In an effort to highlight the people who are leading colleges and universities across the nation, we at Watch The Yard reached out to Shaw University and did an interview with Ian Finley the 2020-2021 Student Government Association president.
The position of SGA president is a highly respected role and there is a special pride that one takes. Finley, who is majoring in Political Science, is from Nassau, Bahamas.
We interviewed Finley, and talked to him about his position, goals, future and what it means to hold this type of leadership position in 2021.
Read the full interview below.
What is the biggest thing you’ve learned as an SGA president so far?
The biggest thing I have learned is that sometimes less is more. The pandemic has forced me to rethink and change many plans and initiatives I had originally intended on completing. However, the opportunity has allowed me to focus on what I can do and do it well. We all know that to whom much is given much is required. But I have learned that to whom little is given, much more effort is needed in the face of adversity.
What made you decide to attend Shaw University for undergrad?
Growing up in the Bahamas I idolized HBCU culture, especially the marching band. Receiving a band scholarship to an HBCU was considered a coveted honor among my peers. So, when I received an offer to play in the Platinum Sound Marching Band Drumline at Shaw University it was like a dream come true. The transition to the US was made easy because there was already a strong Bahamian student presence on campus through alumni and current students. Most of all, Shaw University resembles the community where I came from; strong, intellectual, black excellence. So, I knew I would not have a hard time trying to get my bearings.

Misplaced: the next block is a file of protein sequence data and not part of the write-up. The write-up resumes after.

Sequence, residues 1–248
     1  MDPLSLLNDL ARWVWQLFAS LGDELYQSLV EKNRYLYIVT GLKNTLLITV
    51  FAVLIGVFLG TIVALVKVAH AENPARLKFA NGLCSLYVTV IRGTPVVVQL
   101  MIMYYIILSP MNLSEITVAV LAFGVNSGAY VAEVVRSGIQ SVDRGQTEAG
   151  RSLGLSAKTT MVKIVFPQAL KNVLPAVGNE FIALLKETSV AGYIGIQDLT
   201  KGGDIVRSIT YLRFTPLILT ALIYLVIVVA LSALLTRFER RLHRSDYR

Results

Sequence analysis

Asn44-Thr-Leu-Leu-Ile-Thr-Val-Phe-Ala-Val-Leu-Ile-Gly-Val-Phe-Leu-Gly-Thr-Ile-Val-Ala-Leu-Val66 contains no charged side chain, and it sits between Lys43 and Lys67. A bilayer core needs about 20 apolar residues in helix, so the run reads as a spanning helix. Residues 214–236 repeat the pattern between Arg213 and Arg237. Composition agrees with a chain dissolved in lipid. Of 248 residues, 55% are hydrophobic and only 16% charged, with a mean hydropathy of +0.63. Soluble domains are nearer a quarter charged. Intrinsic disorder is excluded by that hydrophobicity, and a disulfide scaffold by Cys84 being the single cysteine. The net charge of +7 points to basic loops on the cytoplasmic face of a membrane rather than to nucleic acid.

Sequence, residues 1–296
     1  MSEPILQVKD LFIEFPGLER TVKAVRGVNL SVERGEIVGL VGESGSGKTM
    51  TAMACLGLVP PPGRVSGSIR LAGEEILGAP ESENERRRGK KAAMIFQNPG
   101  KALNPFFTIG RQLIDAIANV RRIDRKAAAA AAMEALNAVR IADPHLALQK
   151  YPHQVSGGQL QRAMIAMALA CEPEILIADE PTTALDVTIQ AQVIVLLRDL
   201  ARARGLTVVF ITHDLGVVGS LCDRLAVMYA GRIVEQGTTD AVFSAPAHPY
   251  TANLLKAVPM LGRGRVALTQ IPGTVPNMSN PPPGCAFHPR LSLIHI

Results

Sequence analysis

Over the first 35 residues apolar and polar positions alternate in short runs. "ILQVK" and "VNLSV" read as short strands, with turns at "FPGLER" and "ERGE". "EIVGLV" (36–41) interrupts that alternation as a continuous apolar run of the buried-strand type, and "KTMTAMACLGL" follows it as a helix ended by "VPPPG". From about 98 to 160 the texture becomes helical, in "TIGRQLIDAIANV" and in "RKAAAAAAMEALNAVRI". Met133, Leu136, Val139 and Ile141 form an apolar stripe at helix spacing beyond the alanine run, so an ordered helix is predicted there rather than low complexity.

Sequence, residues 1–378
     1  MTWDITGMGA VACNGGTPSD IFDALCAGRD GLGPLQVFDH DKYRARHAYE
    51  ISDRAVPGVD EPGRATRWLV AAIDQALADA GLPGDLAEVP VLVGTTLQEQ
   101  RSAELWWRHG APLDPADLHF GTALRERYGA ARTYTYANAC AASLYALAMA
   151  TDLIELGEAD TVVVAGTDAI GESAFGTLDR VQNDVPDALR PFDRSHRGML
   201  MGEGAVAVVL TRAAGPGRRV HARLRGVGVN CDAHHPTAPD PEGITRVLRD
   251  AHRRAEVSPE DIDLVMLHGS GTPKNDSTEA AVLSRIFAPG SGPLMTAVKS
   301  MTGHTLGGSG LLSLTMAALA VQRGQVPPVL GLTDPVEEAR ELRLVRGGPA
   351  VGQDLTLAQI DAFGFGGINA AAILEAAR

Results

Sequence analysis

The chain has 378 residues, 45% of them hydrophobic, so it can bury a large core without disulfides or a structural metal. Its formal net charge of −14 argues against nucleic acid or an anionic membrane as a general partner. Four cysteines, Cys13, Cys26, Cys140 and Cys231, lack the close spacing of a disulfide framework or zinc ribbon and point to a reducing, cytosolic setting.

How has Shaw University molded you into the person you are today?
The moment I stepped foot on campus I knew that I had to become something greater than myself because I wanted to embody the likes of alumna Ella Baker. Shaw provides the blueprint of leadership, from the legacy in civil rights alone to being the first HBCU in the South and the birthplace of the Student Non-Violent Coordinating Committee. The family environment also played a major role in molding me into who I am because university administration believes in students. In my freshman year I saw the need to establish an International Students Association, and with the help of my friends and university administration we were able to get it done.
What specific initiatives have you headed up this year and how do you think they will improve the school and surrounding community?
Despite challenges associated with the pandemic, my administration has made considerable contributions to our surrounding community and the HBCU Community at large. Throughout the recent presidential election season, SGA has partnered with Greek Organizations and Student-Athletes to get students registered to vote. This effort was specifically tailored to encourage our students to stay safe and vote by mail or to vote early to avoid long lines at the polls. We also launched a Hurricane Dorian relief drive on campus so that our campus Community could donate hand-sanitizers, masks and gloves to students of Xavier University and Dillard University. Being from the Bahamas, I’m no stranger to the devastation that hurricanes cause so I was more than grateful to be in a position to lend a helping hand.